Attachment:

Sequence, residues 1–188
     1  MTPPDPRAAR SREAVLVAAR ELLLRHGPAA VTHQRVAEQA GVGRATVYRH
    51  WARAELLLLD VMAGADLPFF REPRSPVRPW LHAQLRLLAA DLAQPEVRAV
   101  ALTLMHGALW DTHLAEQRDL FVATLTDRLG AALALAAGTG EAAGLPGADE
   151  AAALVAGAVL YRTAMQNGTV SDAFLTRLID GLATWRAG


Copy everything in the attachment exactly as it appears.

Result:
Sequence, residues 1–188
     1  MTPPDPRAAR SREAVLVAAR ELLLRHGPAA VTHQRVAEQA GVGRATVYRH
    51  WARAELLLLD VMAGADLPFF REPRSPVRPW LHAQLRLLAA DLAQPEVRAV
   101  ALTLMHGALW DTHLAEQRDL FVATLTDRLG AALALAAGTG EAAGLPGADE
   151  AAALVAGAVL YRTAMQNGTV SDAFLTRLID GLATWRAG